In 1871, Chicago suffered from a devastating fire, but the city came back stronger than ever. By 1875, the market for grain futures reached $2 billion, while the grain cash business was estimated at the lesser $200 million.[6] Abstract commodity exchange had surpassed the market of “real” goods. “To arrive” contracts facilitated by telegraph in combination with elevator receipts had made Chicago as the futures capital of the world.

In 1874, the precursor to the Chicago Mercantile Exchange was formed. Called the Chicago Produce Exchange, it focused on farm goods such as butter, eggs, and poultry. In 1919, at the end of World War I, the Chicago Produce Exchange changed its name to the Chicago Mercantile Exchange (CME). It later expanded to trade frozen pork bellies as well as live hog and live pigs in the 1960s. The CME expanded yet again to include lean hogs and fluid milk, but its most important innovations came a decade later in the financial field.

Notes

[1] Quote on Chicago’s strategic location from Nature’s Metropolis, (1991) William Cronen, p. 25.
[2] Chicago Board of Trade’s momentous decision from William Cronen Nature’s Metropolis, (1991), p. 116.
[3] Additional information on the Chicago Board of Trade William Cronen Nature’s Metropolis, (1991), p. 118-119.
[4] Transcontinental link cities from Lewis Coe’s (1993) The Telegraph. London: McFarland & Co. p. 44.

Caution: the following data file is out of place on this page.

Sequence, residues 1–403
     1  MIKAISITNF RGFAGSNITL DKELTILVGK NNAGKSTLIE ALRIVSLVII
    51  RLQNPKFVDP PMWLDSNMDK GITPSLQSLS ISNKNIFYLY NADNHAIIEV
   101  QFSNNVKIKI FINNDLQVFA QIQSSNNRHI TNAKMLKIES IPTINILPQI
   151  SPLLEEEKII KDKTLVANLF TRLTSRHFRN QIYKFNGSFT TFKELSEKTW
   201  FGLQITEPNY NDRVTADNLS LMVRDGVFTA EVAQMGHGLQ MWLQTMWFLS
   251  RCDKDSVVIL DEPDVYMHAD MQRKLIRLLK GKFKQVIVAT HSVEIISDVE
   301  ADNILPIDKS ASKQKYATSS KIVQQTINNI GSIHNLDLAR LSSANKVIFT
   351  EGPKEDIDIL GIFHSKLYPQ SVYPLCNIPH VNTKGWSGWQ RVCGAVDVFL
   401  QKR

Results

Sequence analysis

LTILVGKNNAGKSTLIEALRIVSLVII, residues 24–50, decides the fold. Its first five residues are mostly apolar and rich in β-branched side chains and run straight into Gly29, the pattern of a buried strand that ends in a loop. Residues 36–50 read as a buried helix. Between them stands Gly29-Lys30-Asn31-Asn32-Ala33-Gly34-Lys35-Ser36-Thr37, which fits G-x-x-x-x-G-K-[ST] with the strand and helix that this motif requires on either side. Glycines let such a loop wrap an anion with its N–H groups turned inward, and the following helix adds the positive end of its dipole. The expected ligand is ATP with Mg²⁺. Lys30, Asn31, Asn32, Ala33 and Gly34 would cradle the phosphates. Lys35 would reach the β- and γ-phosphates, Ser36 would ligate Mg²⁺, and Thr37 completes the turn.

[5] Quote on futures interchangeability from William Cronen Nature’s Metropolis, (1991), p. 125.
[6] Estimates of the grain and futures markets from William Cronen Nature’s Metropolis, (1991), p. 126.

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AnthonybwAnthony J. Pennings, PhD is Professor and Associate Chair of the Department of Technology and Society, State University of New York, Korea. Before joining SUNY, he taught at Hannam University in South Korea and from 2002-2012 was on the faculty of New York University. Previously, he taught at St. Edwards University in Austin, Texas, Marist College, and Victoria University in New Zealand. During the 1990s he was also a Fellow at the East-West Center in Honolulu, Hawaii.

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    Professor and Associate Chair at State University of New York (SUNY) Korea. Recently taught at Hannam University in Daejeon, South Korea. Moved to Austin, Texas in August 2012 to join the Digital Media Management program at St. Edwards University. Spent the previous decade on the faculty at New York University teaching and researching information systems, media economics, and strategic communications.